Speaking on LBC radio this morning, the London Mayor said he was opposed to “a Sharia system running in parallel with UK justice.”
His remarks come a day after Home Secretary Theresa May called for an investigation into the application of Sharia law in England and Wales if Conservatives win the General Election.
But the mayor said he took “grave exception” to Church of England clerics who suggest the principles of Sharia could be introduced into the legal system.
Former archbishop of Canterbury Rowan Williams sparked controversy in 2008 when he suggested it was “inevitable” that elements of Sharia would be incorporated in British law.
Mr Johnson also called for a great separation between the Government and the Church of England, declaring the presence of 26 Bishops in the House of Lords as “clerical fossils.”
He said: “That is unacceptable to me. Everybody must be equal under the law, and everybody must obey the same law. That is absolutely cast-iron.
The point is that the idea of a parallel system of law, a parallel judicature, people making the laws holding to a different system, is absolutely unacceptable, it’s alien to our traditions
“I take grave exception to some of the support I see sometimes – and from clerics in the Church of England who’ve come out in favour of this, I’ve noticed, and said we should be a little bit indulgent of this.
“It’s an interesting fact that we have some clerical fossils still in our legislature. Don’t forget we have bishops sitting by right in our upper house.
“The separation of church and state is not perhaps as thorough-going in this country as you might like to think.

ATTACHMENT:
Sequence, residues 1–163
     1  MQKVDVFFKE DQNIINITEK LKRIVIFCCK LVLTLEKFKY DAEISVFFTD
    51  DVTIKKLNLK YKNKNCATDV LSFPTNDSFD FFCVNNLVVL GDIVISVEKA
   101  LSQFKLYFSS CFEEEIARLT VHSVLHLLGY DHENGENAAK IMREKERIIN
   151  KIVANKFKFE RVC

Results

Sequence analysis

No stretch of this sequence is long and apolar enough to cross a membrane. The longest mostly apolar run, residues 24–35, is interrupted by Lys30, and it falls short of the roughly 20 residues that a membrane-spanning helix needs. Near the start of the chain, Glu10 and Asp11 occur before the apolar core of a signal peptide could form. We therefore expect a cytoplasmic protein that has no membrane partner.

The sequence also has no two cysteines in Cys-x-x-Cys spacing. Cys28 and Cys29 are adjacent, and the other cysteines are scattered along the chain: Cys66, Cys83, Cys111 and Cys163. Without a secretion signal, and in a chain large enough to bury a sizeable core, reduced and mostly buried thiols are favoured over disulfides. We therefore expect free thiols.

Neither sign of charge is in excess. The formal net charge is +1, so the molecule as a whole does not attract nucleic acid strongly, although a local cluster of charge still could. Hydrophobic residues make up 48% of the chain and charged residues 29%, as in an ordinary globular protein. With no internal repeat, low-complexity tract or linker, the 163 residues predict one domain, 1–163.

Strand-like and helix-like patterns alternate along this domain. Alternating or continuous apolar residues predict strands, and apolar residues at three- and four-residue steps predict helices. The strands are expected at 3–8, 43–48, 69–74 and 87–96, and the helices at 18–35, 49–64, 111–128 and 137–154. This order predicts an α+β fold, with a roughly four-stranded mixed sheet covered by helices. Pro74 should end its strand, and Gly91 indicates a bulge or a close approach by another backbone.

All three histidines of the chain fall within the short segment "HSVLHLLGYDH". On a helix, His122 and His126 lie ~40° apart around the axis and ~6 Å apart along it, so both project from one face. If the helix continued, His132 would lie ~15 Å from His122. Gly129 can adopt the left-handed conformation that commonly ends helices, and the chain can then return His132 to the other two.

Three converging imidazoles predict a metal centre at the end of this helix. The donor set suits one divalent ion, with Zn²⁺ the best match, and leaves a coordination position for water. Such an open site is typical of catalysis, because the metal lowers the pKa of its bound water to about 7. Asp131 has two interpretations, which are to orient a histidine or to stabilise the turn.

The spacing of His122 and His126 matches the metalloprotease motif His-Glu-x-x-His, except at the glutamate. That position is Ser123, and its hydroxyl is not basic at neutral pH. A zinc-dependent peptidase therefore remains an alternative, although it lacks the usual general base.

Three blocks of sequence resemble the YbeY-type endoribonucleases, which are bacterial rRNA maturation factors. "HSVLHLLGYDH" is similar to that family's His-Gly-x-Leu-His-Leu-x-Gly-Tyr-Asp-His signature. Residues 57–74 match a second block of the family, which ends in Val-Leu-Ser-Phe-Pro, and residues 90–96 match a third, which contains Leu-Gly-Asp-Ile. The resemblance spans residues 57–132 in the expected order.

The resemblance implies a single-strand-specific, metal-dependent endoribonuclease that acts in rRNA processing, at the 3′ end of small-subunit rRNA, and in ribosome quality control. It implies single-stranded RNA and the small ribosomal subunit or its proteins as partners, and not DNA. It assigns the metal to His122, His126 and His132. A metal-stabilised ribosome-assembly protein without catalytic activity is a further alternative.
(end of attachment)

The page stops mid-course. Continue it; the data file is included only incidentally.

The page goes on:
“The point is that the idea of a parallel system of law, a parallel judicature, people making the laws holding to a different system, is absolutely unacceptable, it’s alien to our traditions.
“I won’t have it in London and I’m worried sometimes by the faint bat-squeaks of support that I hear for that idea even from clerics in the Church of England.”
Asked if the Beth Din would “have to go”, Mr Johnson replied: “Yes, absolutely. Sauce for the goose is sauce for the gander.”
He said he accepted that Jewish couples could go to a Beth Din to seek sanction for their divorce, but added: “It cannot substitute for UK civil proceedings.
“They cannot replace the civil proceedings. If they want to have some ceremonial proceeding according to religious ritual or whatever, that is fine. But the actual implementation of the law has got to be done in British courts according to British law, agreed by Parliament.
“That is where the law emanates from. The law emanates in the end from people voting for MPs who enact the statutes which we all obey.
“That gives this country a vital equality.” express